Cumberland County commissioners will be asked to decide if they wish to establish regulations on land use in the unincorporated areas of Cumberland County when they meet Monday. In addition, the commission will consider a resolution joining with the Crossville City Council and state and national legislators in opposing the Crab Orchard Wind project.
The board unanimously approved a statement opposing the wind farm project at its regular monthly meeting Thursday. Specifically, the statement opposes the wind farm based on the potential negative impacts to property values in Fairfield Glade and the negative impact on future growth the project may have. It was passed following a motion from Misty Keyes with support from Harry Price.
Last week, The Vista reported that Crossville City Council members now are in opposition to the proposed Apex Clean Energy Crab Orchard Wind Project. Now, State Senator Paul Bailey (R-Sparta) and Representative Cameron Sexton (R-Crossville) have announced their opposition to the proposed wind turbine project in Cumberland County.
The resolution was not on the agenda, but 9th District Commissioner Sandra Baxter Dutcher sought to waive the rules of the county commission and have the proposed resolution added to the agenda for a vote. According to the rules an item is to be submitted seven days prior to the county commission meeting in order for it to appear on the agenda.
The truth is that the impacts of wind farms are significant, and they are not positive for Tennessee's environment and wildlife. If you look at the 23 wind turbines proposed for Cumberland County, each 600 feet tall — three times the height of Neyland Stadium, with blades as long as a football field — and plainly visible from Interstate 40 and the surrounding area, you begin to understand the scope.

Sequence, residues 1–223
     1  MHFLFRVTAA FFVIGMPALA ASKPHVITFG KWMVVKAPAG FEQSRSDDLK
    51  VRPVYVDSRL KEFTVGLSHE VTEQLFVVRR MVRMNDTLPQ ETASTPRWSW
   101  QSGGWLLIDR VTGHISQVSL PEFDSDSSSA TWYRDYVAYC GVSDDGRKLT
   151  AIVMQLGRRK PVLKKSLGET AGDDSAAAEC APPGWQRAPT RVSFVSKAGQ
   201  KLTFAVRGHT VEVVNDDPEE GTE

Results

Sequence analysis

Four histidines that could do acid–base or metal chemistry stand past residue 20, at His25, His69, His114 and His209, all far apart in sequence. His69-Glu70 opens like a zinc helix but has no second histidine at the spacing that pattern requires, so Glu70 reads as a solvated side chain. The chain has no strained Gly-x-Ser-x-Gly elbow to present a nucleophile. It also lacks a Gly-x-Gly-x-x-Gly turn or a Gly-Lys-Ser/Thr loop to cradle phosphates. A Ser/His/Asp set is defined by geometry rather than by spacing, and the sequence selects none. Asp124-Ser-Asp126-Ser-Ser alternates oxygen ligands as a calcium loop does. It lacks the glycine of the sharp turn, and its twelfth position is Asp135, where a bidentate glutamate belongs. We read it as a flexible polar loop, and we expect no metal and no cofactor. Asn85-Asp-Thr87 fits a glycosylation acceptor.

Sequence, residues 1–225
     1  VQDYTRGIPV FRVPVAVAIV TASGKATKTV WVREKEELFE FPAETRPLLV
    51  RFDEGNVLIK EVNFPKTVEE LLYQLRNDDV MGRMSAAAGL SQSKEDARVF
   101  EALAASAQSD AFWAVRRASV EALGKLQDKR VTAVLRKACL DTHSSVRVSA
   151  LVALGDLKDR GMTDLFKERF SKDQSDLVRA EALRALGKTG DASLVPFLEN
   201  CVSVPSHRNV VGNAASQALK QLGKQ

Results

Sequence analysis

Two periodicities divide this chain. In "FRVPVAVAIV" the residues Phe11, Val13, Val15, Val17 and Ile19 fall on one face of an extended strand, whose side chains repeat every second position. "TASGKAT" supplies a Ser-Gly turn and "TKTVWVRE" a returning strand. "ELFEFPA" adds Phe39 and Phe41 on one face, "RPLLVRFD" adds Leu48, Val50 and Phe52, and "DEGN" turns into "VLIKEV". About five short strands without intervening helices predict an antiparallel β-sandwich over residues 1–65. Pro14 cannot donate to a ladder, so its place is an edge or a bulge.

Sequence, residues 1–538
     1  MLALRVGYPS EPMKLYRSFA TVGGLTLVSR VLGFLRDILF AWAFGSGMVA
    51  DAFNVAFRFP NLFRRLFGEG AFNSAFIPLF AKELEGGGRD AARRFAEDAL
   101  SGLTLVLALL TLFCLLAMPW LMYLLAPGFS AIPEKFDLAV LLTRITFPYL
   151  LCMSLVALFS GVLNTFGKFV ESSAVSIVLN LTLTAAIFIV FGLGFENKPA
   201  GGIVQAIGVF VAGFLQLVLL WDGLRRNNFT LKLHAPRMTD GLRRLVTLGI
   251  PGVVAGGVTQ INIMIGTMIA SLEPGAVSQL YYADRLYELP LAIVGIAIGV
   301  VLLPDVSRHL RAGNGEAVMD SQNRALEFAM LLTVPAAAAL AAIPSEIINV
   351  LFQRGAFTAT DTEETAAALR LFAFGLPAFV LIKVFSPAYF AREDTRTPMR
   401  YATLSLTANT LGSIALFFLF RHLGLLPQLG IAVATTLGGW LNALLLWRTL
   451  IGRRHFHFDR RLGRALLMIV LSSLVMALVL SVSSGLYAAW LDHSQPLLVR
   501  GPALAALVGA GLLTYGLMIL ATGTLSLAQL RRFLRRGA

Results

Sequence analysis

Apex has been very secretive about this project, and I do not trust them. Add to this the fact that several of their wind farms are having legal problems, and I do not believe this is the right company for this project. The Tennessee Legislature should put a moratorium in place on wind farms until they can update their wind farm zoning plans. In particular the set back distances for homes near wind farms needs to be determined for residents safety.
Not only are the giant windmills a scenic blemish, they are known to be environmentally destructive - ironic, since they are supposed to protect the environment by providing "clean" energy. However, to install and maintain them, vast swaths of forest and natural areas have to be cleared - and remain cleared forever.
Roane County Commission Chairman Ron Berry said to his knowledge officials in Cumberland County haven’t reached out to anyone in the Roane County Government requesting opposition to wind farm project. “That’s what I would do if it were reversed,” Berry said.
Bruce Owens, simply offered, “ I don’t want it,” he said of the Wind Project. “I’ve seen too many when I was in Indiana. And those were on open farmland with not many people around. Not like this.” Yet, it was interesting to note that, well before the 8 P.M. finishing time, the Apex meeting room had only a few people present while the Coalition’s room became jam-packed to voice their concerns and listen to the presentations.